As its name suggests, a stimulus package should stimulate the economy. The best way to do this, years of economic research has shown, is to put money into the hands of consumers, especially those who will quickly spend it. Funding infrastructure projects will also create jobs and leave communi-ties with lasting improvements, such as better roads and schools.
As Congress continues debate on a stimulus package, disagreement about the proportion of spending versus tax cuts in the bill has intensified. Republican leaders have said the package should consist of 40 percent tax cuts, rather than the 20 percent in the bill passed by the House this week. With more tax cuts, less would be spent on infrastructure, unemployment benefits and health care. That would be counterproductive.
To work, a stimulus bill must quickly get money to consumers, thereby increasing demand for goods, boosting companies’ bottom lines and averting more layoffs. Increasing unemployment insurance, raising food stamp benefits and increasing federal support for health care does this. So, too, does federal funding for construction projects because people are put to work and their paychecks make their way through the local economy.
The benefits of tax breaks are less clear. The $819 billion bill passed by the House includes $500 tax breaks for individuals, including those who don’t earn enough to owe federal income taxes, which has angered some Republicans. There are also tax breaks for renewable energy and business in-vestment.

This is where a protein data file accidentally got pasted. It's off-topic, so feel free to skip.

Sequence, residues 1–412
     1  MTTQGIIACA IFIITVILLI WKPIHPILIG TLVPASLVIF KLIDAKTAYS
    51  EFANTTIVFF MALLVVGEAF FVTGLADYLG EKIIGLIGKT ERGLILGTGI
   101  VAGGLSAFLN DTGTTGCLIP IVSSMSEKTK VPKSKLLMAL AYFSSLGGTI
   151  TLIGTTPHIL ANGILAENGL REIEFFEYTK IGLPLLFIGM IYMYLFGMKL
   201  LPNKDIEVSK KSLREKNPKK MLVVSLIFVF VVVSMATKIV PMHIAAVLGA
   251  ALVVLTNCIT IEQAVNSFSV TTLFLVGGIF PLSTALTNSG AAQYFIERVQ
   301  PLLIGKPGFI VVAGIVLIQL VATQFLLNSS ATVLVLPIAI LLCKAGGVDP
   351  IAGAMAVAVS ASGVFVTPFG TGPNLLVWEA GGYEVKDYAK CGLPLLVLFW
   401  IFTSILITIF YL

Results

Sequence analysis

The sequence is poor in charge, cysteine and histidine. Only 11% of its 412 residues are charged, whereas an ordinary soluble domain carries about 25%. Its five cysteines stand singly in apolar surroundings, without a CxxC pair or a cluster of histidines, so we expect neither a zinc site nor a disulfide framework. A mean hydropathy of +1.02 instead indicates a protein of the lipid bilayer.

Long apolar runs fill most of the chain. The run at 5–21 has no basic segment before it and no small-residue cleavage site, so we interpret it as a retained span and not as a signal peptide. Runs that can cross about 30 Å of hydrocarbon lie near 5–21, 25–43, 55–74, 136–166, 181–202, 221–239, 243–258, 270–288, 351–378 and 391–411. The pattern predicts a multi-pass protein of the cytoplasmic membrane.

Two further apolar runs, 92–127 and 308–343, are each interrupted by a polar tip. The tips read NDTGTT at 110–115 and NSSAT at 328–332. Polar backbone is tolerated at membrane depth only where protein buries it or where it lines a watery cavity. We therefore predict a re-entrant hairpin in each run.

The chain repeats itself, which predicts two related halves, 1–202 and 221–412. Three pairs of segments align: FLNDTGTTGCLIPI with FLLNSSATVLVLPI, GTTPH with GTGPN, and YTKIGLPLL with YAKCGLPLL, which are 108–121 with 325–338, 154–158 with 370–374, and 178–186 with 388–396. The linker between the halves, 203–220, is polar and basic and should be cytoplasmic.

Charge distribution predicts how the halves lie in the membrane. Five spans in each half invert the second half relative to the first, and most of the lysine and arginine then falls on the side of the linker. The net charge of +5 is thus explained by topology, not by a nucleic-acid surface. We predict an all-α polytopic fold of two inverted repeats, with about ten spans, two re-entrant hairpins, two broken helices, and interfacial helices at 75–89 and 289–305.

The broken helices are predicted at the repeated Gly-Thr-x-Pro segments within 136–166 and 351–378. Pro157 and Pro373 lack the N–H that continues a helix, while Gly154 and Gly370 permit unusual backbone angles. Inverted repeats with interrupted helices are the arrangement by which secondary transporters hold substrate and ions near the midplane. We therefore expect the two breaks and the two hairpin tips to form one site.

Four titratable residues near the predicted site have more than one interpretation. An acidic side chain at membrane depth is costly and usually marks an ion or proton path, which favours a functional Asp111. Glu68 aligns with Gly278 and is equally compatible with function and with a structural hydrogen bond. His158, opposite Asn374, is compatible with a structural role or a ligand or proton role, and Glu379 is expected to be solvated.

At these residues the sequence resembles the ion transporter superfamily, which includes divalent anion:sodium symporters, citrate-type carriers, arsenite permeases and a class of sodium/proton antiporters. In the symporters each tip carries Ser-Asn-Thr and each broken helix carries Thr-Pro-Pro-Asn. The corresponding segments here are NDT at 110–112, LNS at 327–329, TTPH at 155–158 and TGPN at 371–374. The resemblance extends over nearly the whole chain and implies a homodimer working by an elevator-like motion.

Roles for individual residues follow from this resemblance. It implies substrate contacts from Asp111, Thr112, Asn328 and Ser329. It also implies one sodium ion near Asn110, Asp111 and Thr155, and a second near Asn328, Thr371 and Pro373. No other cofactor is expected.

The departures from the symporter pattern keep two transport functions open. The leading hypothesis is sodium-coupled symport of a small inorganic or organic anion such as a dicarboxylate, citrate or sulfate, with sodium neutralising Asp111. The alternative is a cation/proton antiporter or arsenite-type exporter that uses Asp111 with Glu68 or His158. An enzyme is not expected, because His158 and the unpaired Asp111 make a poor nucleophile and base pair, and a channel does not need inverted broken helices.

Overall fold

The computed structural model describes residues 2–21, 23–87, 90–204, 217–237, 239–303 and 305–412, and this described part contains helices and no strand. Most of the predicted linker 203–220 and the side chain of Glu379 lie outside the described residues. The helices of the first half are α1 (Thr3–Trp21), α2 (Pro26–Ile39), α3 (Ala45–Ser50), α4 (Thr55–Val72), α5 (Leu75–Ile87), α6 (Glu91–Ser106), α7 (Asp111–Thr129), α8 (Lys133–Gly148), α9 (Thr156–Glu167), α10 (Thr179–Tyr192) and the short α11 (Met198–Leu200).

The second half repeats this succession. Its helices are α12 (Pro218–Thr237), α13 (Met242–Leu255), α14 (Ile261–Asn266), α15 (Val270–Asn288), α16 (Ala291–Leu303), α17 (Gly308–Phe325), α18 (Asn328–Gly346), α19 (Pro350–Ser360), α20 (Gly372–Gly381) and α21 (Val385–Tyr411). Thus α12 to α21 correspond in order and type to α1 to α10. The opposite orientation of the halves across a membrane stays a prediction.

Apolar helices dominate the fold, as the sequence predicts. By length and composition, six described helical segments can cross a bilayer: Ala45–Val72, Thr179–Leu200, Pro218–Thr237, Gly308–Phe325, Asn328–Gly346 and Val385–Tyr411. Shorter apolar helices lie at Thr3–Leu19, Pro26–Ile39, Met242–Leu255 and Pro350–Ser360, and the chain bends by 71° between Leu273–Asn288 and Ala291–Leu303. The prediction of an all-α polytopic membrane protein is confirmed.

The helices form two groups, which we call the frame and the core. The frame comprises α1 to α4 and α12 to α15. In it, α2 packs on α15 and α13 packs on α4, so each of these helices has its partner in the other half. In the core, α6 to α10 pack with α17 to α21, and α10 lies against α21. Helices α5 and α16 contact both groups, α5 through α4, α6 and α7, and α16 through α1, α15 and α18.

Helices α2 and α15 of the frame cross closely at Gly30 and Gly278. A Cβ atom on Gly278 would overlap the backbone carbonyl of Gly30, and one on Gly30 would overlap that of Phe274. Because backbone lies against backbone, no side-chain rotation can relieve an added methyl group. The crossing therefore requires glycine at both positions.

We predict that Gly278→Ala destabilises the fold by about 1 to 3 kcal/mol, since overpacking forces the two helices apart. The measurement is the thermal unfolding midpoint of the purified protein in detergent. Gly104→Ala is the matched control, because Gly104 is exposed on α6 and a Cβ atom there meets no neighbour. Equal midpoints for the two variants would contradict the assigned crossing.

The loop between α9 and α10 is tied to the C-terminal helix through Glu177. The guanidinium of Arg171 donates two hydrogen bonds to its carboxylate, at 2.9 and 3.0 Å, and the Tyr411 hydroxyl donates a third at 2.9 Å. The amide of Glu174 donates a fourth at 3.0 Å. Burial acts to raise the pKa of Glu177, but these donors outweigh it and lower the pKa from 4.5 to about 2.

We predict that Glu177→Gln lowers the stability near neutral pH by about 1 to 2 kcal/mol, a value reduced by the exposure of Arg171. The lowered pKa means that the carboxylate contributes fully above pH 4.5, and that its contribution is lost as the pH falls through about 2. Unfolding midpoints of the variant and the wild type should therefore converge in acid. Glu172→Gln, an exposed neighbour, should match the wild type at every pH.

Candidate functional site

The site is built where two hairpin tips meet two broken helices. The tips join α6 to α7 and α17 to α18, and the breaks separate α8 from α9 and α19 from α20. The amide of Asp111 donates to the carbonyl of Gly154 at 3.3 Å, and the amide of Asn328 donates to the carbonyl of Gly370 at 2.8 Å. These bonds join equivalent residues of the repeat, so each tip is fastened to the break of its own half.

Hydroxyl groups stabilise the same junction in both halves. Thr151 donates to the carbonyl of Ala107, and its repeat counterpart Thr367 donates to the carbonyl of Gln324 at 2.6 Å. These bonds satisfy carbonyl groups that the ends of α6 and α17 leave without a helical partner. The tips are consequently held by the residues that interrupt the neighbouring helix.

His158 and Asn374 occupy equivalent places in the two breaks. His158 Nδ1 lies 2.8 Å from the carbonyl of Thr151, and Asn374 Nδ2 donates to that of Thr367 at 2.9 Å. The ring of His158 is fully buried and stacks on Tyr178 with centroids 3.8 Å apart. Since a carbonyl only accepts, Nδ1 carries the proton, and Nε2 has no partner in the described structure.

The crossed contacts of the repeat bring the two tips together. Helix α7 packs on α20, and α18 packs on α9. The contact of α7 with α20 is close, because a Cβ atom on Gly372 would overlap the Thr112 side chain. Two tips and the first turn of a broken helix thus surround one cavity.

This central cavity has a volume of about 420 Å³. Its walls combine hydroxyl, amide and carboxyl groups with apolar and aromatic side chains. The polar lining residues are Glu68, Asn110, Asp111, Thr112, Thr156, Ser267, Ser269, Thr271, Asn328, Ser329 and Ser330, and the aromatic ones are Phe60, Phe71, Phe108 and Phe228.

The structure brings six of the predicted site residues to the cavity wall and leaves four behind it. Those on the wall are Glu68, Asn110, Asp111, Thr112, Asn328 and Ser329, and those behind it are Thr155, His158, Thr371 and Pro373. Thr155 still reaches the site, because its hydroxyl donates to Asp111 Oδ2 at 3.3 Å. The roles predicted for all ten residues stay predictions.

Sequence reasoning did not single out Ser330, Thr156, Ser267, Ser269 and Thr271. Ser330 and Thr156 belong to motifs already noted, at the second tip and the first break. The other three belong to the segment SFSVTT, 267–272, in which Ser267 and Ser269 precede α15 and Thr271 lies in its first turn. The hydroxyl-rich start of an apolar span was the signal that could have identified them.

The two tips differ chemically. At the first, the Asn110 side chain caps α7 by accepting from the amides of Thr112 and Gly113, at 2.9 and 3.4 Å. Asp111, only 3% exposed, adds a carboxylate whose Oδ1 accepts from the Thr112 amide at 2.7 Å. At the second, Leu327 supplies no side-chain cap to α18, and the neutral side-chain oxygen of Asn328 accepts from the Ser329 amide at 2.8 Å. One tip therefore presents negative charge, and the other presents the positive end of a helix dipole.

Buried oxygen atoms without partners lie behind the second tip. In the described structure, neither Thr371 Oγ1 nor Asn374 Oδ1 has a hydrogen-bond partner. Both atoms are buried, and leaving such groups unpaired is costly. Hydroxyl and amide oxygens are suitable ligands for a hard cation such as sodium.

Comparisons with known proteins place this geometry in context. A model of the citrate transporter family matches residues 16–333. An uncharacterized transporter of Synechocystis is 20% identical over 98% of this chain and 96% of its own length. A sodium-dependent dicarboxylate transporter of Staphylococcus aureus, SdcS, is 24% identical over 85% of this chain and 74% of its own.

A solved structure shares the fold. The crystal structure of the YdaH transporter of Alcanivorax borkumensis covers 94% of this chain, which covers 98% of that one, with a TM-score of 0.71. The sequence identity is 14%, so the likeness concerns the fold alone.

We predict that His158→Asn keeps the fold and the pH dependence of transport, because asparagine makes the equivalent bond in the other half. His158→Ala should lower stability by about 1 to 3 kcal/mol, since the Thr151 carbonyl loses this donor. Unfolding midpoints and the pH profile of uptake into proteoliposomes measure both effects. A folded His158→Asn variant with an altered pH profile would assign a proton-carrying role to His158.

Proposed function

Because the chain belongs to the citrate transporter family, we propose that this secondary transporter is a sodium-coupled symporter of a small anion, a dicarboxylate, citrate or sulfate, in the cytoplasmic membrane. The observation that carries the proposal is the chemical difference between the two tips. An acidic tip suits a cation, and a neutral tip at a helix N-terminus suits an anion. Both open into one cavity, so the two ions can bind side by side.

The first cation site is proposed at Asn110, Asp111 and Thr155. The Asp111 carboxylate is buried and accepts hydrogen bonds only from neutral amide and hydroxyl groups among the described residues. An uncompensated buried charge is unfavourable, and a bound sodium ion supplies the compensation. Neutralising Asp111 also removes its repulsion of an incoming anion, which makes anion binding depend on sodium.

By most accounts the stimulus package passed by Congress early last year, the centerpiece of which was tax rebates of up to $600 per person, helped a little by increasing consumer spending.
Much more help is needed this time.
Getting additional money into the pocketbooks of people who are most likely to spend it — the lower and middle classes — is the most immediate and low-cost way to do this. Getting the money out quickly is also important. In a recent analysis of the full stimulus bill, the Congressional Budget Of-fice found that about 64 percent of the money would be spent by next September.
In a 2003 analysis of stimulus plans, Mark Zandi, chief economist for economy.com, found that extending unemployment benefits has the largest positive effect by generating $1.73 for every dollar of cost. Second was state fiscal relief at $1.24, followed by a one-time uniform tax rebate, which re-turned $1.19 for every dollar of cost. Tax-rate reductions returned only 59 cents, costing more than they generated, largely because lowering tax rates results in the largest financial benefits to those with the highest incomes who are likely to invest or save that money rather than spend it.
Concern over paying for such assistance is valid, although analysis by the Congressional Research Service shows that stimulus investments pay for themselves — over time.
Less clear is how to help homeowners deal with oppressive mortgages and avoid foreclosures, but the Republican idea of a 4 percent interest rate merits a closer look as the Senate considers the bill next week.
To ensure a new package has the best chance at improving the economy, lawmakers should stick to the guiding principles of economic stimulus: that it is timely and targeted.